Earlier this month, the Department of Defense released a report stating a devastating 498 service members died by suicide in 2019. As a former active duty service member and a military spouse, we have witnessed the annual suicide prevention training, participated in the numerous push-up challenges to promote awareness, seen the ribbons hung around base during suicide prevention week, we have read the emails, and yet we have seen first-hand, that none of this was enough. Not enough to prevent the 498 service member suicides in 2019, the 543 suicides in 2018 or the 513 suicides in 2017, as reported by the DoD.

The stigma around mental health in the military creates an environment where service members experience anxiety due to a fear that seeking help could end their career. “Will it mean my leadership and peers think I’m crazy?” “Could this hinder my promotion?” Will I make the next deployment?" The military has a mission-first approach, and the mental health of their service members is an afterthought. In fact, the DoD did not begin keeping a record of service member suicides until after 9/11.

Tragically, just last week, a Navy sailor assigned to the USS Theodore Roosevelt in San Diego, California, ended his life while standing a security watch on the pier. Per the Navy Suicide Prevention Handbook, annual suicide prevention training is mandatory. So this raises the question: Are the facilitators leading the conversation effectively? Are they getting through to everyone in the room?

According to the 2020 Executive Order number 13861, more veterans, Guardsmen, active-duty members, and reservists die by suicide every year than those killed in action while serving in Iraq and Afghanistan from 2001 to 2014 combined. It doesn’t stop there. Last month, Time magazine released an article stating the U.S military suicide rates have increased as much as 20 percent since the current global pandemic.

As stated in Instruction Number 6490.05, it is DoD policy that “The Military Departments' leadership shall foster an environment and climate of prevention and protection to enhance operational performance and mitigate the potential physical and psychological consequences of combat exposure and other military operational stress.” However, it is our experience, that any service member we know who has sought out mental health services has felt anything but fostered.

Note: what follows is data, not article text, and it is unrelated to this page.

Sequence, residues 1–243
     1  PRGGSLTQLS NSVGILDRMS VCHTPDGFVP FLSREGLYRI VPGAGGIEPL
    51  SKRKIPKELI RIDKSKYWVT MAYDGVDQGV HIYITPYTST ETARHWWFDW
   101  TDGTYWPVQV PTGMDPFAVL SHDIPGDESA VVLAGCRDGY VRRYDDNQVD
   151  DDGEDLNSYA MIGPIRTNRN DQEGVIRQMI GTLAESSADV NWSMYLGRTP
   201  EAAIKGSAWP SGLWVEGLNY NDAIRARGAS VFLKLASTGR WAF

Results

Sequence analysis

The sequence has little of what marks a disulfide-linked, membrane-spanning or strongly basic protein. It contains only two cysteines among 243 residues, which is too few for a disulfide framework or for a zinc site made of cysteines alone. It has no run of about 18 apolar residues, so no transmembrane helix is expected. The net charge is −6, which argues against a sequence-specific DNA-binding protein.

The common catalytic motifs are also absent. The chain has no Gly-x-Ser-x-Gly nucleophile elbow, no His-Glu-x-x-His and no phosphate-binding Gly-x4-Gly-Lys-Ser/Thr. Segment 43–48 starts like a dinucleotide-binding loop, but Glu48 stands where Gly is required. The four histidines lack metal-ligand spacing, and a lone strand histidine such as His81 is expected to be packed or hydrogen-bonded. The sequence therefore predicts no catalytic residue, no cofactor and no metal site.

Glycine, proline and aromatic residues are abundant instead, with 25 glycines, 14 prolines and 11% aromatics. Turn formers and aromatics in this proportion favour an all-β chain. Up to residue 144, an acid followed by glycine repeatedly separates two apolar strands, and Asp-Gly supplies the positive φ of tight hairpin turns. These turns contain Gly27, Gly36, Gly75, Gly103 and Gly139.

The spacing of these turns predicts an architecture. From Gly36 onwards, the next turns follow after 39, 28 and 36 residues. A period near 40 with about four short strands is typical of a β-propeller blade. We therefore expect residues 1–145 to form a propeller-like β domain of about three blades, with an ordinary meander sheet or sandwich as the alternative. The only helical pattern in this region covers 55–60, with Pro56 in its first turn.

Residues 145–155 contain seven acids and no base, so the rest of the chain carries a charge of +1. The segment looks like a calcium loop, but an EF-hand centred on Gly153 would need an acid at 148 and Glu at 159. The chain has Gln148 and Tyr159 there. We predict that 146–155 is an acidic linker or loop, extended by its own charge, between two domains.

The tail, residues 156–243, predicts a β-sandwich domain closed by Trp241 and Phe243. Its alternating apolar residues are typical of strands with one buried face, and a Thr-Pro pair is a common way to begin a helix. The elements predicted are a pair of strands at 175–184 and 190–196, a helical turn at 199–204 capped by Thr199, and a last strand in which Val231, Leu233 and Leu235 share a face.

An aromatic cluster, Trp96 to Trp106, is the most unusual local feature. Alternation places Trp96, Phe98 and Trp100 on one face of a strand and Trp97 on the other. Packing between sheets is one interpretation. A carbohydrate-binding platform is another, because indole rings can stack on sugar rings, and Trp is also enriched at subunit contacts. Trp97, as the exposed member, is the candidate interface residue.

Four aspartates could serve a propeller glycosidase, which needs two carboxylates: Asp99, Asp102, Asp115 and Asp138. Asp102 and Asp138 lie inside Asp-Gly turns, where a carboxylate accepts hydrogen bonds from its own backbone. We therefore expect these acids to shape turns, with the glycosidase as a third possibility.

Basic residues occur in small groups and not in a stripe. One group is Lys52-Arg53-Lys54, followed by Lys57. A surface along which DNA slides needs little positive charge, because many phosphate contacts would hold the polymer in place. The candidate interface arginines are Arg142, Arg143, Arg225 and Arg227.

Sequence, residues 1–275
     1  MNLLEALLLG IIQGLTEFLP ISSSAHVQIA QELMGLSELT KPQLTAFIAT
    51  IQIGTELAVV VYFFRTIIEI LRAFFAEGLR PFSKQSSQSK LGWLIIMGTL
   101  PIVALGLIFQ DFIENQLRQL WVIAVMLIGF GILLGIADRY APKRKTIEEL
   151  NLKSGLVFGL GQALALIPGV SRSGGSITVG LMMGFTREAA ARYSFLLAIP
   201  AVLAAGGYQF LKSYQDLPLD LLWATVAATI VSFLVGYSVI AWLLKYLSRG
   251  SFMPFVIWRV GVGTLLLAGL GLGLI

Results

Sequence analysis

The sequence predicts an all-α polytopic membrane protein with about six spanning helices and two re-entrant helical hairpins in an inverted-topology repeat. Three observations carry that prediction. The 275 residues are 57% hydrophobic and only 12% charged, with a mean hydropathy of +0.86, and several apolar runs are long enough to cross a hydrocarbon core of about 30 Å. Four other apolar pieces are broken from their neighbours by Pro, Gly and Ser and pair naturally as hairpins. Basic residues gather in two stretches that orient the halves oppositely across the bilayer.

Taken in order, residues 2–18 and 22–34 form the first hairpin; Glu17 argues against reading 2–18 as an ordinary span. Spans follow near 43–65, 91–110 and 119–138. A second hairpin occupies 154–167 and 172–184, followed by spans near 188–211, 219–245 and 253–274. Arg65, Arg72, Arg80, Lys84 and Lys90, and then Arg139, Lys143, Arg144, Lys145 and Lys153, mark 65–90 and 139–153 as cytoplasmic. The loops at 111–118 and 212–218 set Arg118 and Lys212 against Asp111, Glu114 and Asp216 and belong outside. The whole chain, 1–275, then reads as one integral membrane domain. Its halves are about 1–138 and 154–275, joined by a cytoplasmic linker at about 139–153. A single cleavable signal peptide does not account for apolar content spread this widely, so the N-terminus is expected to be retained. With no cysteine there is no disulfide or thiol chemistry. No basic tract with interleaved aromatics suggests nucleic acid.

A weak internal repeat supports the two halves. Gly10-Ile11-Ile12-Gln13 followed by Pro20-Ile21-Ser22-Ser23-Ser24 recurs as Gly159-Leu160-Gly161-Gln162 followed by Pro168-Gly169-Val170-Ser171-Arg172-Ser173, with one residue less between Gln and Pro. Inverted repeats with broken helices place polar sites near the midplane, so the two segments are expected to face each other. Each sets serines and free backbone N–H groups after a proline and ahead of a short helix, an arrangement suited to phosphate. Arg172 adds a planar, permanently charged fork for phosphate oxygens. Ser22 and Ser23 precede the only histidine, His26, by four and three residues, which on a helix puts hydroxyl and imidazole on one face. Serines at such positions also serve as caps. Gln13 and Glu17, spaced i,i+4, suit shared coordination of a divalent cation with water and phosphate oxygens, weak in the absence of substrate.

The policies and procedures that are in place work on paper but not in practice. So, where do we go from here? How do we change a culture where mental health isn’t being taken seriously? How many more casualties will the military allow before they decide that their service members come first?

We are convinced the military should increase the number of licensed social workers, military or civilian, especially at high-paced commands. This will allow service members access to support without the fear of voicelessness or retaliation. Also, we suggest the facilitators of the annual training receive extensive guidance, similar to the sexual assault victim advocacy training. Therefore, resulting in advocates specifically for suicide prevention.

Leadership should be held accountable from the top-down as suicide prevention is deeper than hitting the wickets every fiscal year. There must be an implementation of policy requirements that can effectively improve suicide prevention. The prevention efforts should address detailed risk factors contributing to suicide in service members.

Mental health services must be normalized in the military for our service members to properly utilize them. Service members who pursue treatment should not be scrutinized but instead, encouraged and supported. We believe, without hesitation, that mental health needs to be taken seriously and that the stigma must end. The lives of our service members, literally, depend on it.

If you or someone you know is in need of help, the Suicide Prevention Line is free, confidential, and available 24/7. They can be reached at 1-800-237-8255. Veterans can call 1-800-273-8255. These services can also be accessed by chat on https://suicidepreventionlifeline.org/

Service members, veterans, and loved ones can also contact Military One Source, 24/7 at 1-800-342-9647, or through live chat at http://www.militaryonesource.mil

You can also reach the Defense Suicide Prevention office at 1-703-614-8840. Please note: This office does not provide crisis services.

Katrina Games is a Master of Social Work Student at the University of Southern California. She received her undergraduate degree in psychology from Purdue University. Katrina is also a Navy spouse. Aliyah Theargood is also a Master of Social Work Student at the University of Southern California and Reservist in the United States Navy.

Editor’s note: This is an Op-Ed and as such, the opinions expressed are those of the author. If you would like to respond, or have an editorial of your own you would like to submit, please contact Military Times managing editor Howard Altman, haltman@militarytimes.com.

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